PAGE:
• the smallest shoreline lot width in the subdivision.

An APA permit is needed:

(_) If the total number of lots, sites or residential units created from the original May 22, 1973 parcel is equal to or greater than:

100 in Hamlet
15 in Moderate Intensity Use areas
10 in Low Intensity Use areas
5 in Rural Use areas

(_) For any subdivision in a Resource Management area, Industrial Use area or within a designated Wild, Scenic, or Recreational Rivers area.

(_) For the entire subdivision if any non-shoreline lot in the proposed subdivision is less than:

Moderate Intensity Use areas 40,000 sq. ft. (0.92 acres)
Low Intensity Use areas 120,000 sq. ft. (2.75 acres)
Rural Use areas 320,000 sq. ft. (7.35 acres)

(_) If the project involves any shoreline* lots if either the smallest lot area or shoreline lot width measurement is less than:

Hamlet n/a 50 ft.
Moderate Intensity Use areas 25,000 sq. ft. (0.57 acres) 100 ft.
Low Intensity Use areas 50,000 sq. ft. (1.14 acres) 125 ft.
Rural Use areas 80,000 sq. ft. (1.83 acres) 150 ft.
Resource Management areas 42.7 acres 200 ft.

* A shoreline lot includes any lot partly or entirely within the minimum setback distance from the water for the land use area involved. Different shoreline widths apply if your site is located in a Wild, Scenic, or Recreational River area.


An APA permit is needed for a single family dwelling or mobile home in:

Resource Management areas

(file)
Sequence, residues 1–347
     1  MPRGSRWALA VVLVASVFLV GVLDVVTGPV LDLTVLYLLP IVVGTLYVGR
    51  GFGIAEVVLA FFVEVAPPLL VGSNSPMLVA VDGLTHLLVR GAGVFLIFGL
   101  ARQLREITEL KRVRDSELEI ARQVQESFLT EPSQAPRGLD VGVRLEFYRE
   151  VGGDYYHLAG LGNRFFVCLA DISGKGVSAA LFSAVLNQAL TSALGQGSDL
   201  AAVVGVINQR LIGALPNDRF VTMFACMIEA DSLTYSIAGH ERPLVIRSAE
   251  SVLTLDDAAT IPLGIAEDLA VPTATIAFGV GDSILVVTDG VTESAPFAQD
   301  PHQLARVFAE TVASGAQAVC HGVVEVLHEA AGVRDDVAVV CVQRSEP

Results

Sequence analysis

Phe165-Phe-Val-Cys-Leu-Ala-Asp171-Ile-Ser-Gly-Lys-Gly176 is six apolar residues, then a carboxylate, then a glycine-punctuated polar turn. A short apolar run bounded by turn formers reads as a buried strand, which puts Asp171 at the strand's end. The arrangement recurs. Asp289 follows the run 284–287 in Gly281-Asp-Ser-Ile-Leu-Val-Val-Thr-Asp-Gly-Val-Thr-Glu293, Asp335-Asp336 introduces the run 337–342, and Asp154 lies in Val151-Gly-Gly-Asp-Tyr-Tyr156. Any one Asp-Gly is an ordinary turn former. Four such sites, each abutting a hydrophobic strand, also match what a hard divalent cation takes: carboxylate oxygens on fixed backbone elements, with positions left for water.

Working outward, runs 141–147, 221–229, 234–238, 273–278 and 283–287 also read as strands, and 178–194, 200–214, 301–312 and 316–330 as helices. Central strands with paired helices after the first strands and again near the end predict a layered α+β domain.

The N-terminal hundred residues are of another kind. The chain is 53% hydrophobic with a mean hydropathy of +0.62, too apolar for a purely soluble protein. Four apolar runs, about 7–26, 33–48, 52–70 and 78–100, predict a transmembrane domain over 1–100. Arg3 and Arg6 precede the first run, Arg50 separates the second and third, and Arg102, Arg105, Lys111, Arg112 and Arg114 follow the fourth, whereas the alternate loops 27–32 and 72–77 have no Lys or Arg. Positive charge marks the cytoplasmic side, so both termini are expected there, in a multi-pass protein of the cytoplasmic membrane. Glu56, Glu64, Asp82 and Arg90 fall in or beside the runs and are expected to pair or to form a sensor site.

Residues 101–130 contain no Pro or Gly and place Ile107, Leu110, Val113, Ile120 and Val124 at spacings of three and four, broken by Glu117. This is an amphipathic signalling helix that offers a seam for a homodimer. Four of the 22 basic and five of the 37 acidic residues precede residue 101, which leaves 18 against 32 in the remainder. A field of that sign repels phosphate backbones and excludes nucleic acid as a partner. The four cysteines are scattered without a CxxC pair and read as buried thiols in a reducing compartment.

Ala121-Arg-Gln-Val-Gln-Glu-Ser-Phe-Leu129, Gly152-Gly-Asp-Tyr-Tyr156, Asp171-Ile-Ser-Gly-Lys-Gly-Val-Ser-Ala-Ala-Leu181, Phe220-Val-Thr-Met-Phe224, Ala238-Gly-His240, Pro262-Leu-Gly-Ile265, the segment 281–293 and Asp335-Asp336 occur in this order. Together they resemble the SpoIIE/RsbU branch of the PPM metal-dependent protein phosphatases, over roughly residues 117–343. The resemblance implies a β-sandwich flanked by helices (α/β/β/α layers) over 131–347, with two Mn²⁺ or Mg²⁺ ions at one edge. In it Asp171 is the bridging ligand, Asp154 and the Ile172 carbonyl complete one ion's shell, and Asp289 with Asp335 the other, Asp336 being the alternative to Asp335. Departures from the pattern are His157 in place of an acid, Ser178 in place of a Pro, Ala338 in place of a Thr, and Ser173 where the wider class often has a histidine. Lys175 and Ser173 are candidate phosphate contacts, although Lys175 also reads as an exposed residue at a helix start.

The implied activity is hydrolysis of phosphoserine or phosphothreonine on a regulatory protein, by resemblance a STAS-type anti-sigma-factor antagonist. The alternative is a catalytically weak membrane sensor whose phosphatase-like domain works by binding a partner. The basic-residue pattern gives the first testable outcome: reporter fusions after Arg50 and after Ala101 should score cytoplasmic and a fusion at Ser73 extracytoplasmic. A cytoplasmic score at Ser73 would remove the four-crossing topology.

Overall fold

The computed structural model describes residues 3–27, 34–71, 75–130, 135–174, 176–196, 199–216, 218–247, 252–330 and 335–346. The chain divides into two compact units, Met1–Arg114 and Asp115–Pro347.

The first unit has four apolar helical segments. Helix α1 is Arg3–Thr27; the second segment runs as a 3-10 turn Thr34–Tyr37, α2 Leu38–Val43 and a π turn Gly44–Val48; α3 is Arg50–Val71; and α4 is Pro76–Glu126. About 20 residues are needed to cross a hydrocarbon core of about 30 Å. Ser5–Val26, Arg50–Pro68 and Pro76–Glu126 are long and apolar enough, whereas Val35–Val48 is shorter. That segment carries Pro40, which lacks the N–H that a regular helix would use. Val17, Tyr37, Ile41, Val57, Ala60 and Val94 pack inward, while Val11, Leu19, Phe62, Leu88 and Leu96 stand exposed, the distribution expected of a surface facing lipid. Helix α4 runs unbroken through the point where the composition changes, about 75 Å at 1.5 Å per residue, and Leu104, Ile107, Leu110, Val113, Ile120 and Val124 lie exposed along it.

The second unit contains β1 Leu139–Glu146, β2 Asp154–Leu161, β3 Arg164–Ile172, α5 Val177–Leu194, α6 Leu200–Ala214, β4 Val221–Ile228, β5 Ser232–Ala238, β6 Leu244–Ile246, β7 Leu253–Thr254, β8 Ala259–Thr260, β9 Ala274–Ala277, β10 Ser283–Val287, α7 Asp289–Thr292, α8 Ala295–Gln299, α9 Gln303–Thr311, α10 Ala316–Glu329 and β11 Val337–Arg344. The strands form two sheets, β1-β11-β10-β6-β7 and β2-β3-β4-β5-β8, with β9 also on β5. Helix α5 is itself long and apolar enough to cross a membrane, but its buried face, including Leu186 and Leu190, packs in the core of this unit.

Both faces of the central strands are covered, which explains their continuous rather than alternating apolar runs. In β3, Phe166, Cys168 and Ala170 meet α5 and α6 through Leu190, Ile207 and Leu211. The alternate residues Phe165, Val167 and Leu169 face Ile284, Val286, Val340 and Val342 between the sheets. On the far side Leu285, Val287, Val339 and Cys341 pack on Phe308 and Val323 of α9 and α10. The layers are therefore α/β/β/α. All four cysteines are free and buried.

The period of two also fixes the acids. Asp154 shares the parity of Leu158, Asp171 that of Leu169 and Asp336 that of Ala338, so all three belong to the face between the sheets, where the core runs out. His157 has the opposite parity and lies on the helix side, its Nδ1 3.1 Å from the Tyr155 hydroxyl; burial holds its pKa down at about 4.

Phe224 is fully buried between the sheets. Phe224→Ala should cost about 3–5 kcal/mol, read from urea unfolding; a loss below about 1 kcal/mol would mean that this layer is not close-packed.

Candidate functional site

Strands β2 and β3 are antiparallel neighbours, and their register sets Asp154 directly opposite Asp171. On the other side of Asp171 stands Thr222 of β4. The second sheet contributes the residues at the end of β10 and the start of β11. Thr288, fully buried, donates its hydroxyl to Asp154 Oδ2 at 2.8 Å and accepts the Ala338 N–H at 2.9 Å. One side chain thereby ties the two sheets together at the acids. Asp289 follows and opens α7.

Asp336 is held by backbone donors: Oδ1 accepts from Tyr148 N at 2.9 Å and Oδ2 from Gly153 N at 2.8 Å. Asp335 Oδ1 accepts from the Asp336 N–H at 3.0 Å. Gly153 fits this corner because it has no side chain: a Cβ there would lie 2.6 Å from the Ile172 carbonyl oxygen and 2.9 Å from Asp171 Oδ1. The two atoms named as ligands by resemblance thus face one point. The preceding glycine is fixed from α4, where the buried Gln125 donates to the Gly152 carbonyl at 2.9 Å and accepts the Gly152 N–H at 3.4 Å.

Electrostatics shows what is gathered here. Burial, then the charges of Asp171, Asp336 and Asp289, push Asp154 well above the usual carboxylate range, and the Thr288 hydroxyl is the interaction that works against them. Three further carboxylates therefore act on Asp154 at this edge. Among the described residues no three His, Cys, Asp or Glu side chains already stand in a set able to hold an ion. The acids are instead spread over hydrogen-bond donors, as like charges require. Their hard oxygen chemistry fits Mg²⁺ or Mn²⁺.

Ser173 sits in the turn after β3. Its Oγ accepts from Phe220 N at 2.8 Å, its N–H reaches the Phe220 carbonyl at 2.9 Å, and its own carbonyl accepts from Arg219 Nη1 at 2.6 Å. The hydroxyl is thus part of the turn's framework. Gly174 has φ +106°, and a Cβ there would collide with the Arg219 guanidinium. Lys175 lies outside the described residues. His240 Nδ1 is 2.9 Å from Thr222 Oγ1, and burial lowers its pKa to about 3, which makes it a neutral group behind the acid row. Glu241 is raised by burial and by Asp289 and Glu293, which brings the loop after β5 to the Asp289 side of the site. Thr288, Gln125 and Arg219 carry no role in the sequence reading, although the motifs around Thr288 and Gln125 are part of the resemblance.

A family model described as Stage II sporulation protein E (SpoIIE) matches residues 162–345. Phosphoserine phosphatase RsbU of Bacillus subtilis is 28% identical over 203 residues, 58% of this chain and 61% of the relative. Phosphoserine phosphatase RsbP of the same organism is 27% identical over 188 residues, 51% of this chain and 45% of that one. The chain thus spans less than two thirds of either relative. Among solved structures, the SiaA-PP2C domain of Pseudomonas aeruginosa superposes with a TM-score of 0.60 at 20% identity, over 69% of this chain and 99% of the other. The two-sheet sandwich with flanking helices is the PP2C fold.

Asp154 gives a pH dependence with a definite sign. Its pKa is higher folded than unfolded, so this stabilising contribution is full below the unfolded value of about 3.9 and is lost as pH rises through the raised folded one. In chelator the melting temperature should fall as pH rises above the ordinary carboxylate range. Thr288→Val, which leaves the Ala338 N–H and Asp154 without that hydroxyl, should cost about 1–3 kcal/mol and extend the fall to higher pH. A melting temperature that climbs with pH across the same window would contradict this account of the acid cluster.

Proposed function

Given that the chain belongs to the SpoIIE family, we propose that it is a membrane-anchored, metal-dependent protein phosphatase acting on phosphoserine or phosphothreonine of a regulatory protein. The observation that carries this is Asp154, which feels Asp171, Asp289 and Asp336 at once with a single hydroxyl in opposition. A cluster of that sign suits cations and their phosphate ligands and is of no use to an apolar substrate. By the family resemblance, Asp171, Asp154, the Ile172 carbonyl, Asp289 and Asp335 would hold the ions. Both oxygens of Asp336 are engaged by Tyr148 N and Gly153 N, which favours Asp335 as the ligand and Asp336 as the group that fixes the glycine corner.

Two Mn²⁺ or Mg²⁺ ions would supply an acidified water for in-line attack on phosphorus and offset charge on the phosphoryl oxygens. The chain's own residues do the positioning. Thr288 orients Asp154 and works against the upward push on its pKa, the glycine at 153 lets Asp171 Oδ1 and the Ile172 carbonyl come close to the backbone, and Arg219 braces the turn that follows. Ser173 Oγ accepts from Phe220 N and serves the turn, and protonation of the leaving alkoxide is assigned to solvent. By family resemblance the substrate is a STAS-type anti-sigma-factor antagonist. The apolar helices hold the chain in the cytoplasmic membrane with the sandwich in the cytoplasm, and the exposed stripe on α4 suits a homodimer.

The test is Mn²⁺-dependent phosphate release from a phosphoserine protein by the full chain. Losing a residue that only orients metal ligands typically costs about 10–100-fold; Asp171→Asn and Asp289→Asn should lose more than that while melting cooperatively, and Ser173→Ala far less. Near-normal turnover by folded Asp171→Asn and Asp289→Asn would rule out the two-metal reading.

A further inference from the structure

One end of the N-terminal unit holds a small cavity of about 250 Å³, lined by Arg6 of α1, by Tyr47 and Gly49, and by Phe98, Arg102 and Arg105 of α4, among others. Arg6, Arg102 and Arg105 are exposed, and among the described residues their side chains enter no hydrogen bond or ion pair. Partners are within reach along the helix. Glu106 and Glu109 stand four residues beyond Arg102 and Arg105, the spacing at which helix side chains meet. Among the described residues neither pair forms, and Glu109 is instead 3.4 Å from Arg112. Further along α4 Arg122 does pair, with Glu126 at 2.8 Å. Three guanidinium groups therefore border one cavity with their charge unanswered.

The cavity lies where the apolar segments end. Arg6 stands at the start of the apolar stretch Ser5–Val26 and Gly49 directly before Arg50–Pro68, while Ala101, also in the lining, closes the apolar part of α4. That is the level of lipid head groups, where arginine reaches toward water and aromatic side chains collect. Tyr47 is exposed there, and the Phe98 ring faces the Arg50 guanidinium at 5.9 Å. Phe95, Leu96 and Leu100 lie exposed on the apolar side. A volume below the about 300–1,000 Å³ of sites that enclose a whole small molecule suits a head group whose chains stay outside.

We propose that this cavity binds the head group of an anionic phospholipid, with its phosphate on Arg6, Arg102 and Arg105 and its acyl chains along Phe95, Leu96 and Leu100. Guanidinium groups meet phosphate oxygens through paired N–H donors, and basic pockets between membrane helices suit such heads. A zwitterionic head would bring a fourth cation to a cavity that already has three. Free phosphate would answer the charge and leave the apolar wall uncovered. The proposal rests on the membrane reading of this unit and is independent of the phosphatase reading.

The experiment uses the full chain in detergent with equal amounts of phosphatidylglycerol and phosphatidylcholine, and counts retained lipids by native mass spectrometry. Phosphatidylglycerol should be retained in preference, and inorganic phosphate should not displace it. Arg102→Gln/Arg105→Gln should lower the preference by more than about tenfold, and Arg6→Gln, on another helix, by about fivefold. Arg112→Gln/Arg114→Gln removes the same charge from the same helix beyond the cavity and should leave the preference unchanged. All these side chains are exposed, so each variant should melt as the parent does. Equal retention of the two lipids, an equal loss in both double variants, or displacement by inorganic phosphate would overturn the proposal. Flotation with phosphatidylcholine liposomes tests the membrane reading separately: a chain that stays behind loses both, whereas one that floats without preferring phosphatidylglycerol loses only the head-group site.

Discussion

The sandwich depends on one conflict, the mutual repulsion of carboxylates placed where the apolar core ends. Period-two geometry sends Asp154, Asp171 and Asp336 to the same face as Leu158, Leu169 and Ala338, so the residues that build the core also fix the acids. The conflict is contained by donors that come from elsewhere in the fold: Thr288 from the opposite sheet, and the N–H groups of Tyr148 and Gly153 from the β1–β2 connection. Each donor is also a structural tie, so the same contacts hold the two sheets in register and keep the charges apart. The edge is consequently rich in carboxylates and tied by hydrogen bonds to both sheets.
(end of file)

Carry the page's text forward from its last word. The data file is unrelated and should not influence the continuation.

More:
Industrial Use areas
Critical Environmental areas
Designated River areas
Wetlands (within or near)

In other land classifications, a single family dwelling to be constructed on a lot already having a dwelling or other principal building on it may be subject to Agency review as a subdivision.


An APA permit is needed for:

(_) Structures over 40' high. Note: height is measured from the highest point of a structure to the lowest point of either the natural or finished grade.

(_) Any new commercial or industrial use in all but Hamlet areas.

(_) An expansion totaling 25% or more (whether such expansion is undertaken all at once or over an extended time) of an existing use or structure included on the list of regional projects in the APA Act. In all but Hamlet areas, expansion is measured by size, square footage or capacity.

(_) Any multiple family dwelling, i.e., a structure containing two or more separate dwelling units. This applies in all land use areas except Hamlet areas.

In areas governed by an Agency-approved local land use program, certain projects normally requiring an Agency permit will need only a local permit.

Shoreline restrictions apply along lakes, ponds, rivers and streams regardless of whether an Agency permit is needed.


For more on the permit process, see pages 10 and 11 of the Citizen's Guide to Adirondack Park Land Use Regulations (pdf 370kb).

Links to related information on our site:

Citizen's Guide to Adirondack Park Land Use Regulations (pdf 370kb)

Land Use Area Classification

Communicating with the Agency

Jurisdictional Inquiry Form (pdf 10kb)


The Adirondack Park Agency phone number is